The advanced pivot tool can serve as an aid for several variants of the simplex method. In particular, it can be used for all of the variants of the simplex method described in Linear Programming: Foundations and Extensions (LP:F&E) by Robert Vanderbei. A few pointers are given below.
The Dual-Phase-I Primal-Phase-II Method
This two-phase method is described in section 5.7 of LP:F&E. To use the applet, first enter the data that describes the particular problem. The artificial objective row (i.e., the second row) is initialized with all -1’s. These numbers can be changed if desired but must all remain nonpositive. The artificial right-hand-side column (i.e., the second column) is initialized with all 1’s. For this method, this column is of no use. You can either simply ignore it or, if you prefer, you can zero out the entries in this column.
The phase I procedure uses the true right-hand side column and the artificial objective row. Any negative entry in the right-hand side column may be chosen as the leaving variable. Once picked, a ratio test must be done, either by eyeballing or on scratch paper, to determine the entering variable using the artificial objective row. Once the leaving and entering variables have been determined, click on the corresponding button to actually do the pivot. If the entering variable was chosen correctly, the artificial objective row will still have all negative entries after the pivot. If it was chosen incorrectly, there will be positive entries. These will be highlighted in yellow. If a yellow highlight appears in the artificial objective row you might want to click on the Undo button to undo the last pivot. Continue with the phase I procedure until all of the entries in the right-hand-side column are nonnegative; that is, until there are no more pink highlights in this column. At this point, you are ready for phase II.
Phase II is the ordinary simplex method applied to a primal-feasible dictionary. For this phase, we ignore both the artificial column and the artificial row. Possible entering variables are highlighted in pink in the objective row. Choose one of these as the entering variable and then do a ratio test to determine the corresponding leaving variable. Click on the associated pivot button to do the pivot. If the leaving variable was selected correctly, then the new dictionary will still be primal feasible. If it is infeasible, you will see at least one pink cell in the right-hand-side column. If that happens, you might want to hit the Undo button to back up one iteration. Continue with these phase II pivots until there are no more pink highlights remaining. At this point, the dictionary is optimal. To tell the applet that you recognize that the current dictionary is optimal, click on the Optimal button. The applet will confirm if you are correct.
Infeasibility. If during phase I a ratio test reveals that no variable can enter the basis, then the problem is infeasible. If this happens, click on the Infeasible button to tell the applet that you recognize this situation.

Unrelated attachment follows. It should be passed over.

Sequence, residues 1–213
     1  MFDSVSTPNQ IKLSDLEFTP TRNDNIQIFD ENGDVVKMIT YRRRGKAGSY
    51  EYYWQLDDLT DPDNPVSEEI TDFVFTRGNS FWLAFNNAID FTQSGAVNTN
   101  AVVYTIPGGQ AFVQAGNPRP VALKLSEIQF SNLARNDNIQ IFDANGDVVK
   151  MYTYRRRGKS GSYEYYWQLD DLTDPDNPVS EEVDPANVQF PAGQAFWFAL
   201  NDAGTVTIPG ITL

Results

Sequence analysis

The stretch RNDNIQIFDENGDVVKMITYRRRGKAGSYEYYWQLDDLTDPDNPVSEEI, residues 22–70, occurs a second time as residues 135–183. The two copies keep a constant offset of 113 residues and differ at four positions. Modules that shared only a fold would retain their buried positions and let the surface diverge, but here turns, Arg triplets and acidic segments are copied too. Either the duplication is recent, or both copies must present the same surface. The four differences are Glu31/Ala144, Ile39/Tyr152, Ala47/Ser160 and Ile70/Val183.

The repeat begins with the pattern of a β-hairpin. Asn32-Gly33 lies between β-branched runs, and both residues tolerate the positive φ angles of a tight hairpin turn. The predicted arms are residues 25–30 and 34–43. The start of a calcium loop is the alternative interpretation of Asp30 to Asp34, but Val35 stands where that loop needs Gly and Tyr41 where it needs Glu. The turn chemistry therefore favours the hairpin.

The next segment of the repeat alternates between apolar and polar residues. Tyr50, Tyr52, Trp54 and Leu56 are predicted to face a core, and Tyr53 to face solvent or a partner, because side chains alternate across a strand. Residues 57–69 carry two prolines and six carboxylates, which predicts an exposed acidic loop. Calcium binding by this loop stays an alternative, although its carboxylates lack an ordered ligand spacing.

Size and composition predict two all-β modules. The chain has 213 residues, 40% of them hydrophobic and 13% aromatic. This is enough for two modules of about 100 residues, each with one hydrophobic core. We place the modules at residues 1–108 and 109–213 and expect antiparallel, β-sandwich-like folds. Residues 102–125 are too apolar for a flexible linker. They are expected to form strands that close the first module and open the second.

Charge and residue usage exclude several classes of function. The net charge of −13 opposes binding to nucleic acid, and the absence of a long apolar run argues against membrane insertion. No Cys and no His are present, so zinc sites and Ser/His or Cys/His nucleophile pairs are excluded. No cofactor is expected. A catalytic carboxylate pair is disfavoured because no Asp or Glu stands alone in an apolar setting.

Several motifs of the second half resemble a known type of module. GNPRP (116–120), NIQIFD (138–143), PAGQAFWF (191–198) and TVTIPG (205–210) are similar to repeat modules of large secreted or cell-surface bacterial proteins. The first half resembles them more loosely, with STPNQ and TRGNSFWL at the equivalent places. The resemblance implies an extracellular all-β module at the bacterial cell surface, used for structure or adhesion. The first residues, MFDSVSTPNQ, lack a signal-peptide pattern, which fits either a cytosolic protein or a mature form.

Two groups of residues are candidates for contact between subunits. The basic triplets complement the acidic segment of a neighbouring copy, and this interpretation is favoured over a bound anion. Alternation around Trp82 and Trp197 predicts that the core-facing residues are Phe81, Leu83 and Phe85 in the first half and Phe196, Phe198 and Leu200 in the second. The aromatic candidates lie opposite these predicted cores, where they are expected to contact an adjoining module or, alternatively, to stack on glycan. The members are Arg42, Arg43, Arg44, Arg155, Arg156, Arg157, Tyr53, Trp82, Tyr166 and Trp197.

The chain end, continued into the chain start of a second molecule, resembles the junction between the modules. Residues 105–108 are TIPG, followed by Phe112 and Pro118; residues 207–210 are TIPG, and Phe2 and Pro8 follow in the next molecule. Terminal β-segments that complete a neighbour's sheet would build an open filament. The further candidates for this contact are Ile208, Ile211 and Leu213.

Unboundedness. If during phase II a ratio test reveals that no variable can leave the basis, then the problem is unbounded. If this happens, click on the Unbounded button to tell the applet that you recognize this situation.
The One Phase Primal-Dual Method
This one-phase method, also known in the literature as the parametric self dual method, is described in section 7.2 of LP:F&E. To use the applet, first enter the data describing a particular problem. The artificial objective row (i.e., the second row) is initialized with all -1’s and the artificial right-hand-side column (i.e., the second column) is initialized with all 1’s. These numbers can be changed if desired but must all retain their initial sign. The primal-dual simplex method involves a parameter, called mu in LP:F&E. The applet doesn’t explicitly show mu. Instead, one is expected to remember that mumultiplies every term in the artificial objective row as well as every term in the artificial right-hand-side column.
The applet shows in the lower-left corner the interval of mu values for which the current dictionary is optimal. This interval is determined by the requirements that each coefficient of a variable in the objective function be nonpositive and each right-hand side be nonnegative. These requirements translate into a number of inequalities on mu and the interval consists of those mu values that satisfy every inequality.
The first step is to identify which row or column is responsible for the lower bound on mu. If it is a column, then the variable associated with that column will be the entering variable and the leaving variable must be determined using a usual ratio test. On the other hand, if it is a row, then the basic variable associated with that row will be the leaving variable and the entering variable must be determined using a ratio test for the dual simplex method. Once the entering and leaving variable have been identified, do the pivot by clicking on the correct pivot button. As always, the dictionary will automatically update. In addition, a new interval of muvalues will appear. If the correct pivot button was selected (generally there will only be one correct choice), then the new interval will be an interval adjacent and to the left of the old interval. In most other cases, the lower limit of the interval will be larger than the upper limit. That is, the true interval will be empty. In this case, the interval will be highlighted in yellow to indicate that something is wrong. You probably will want to hit the Undowhen this happens.
Once the mu interval includes zero, the current dictionary is optimal for the original problem.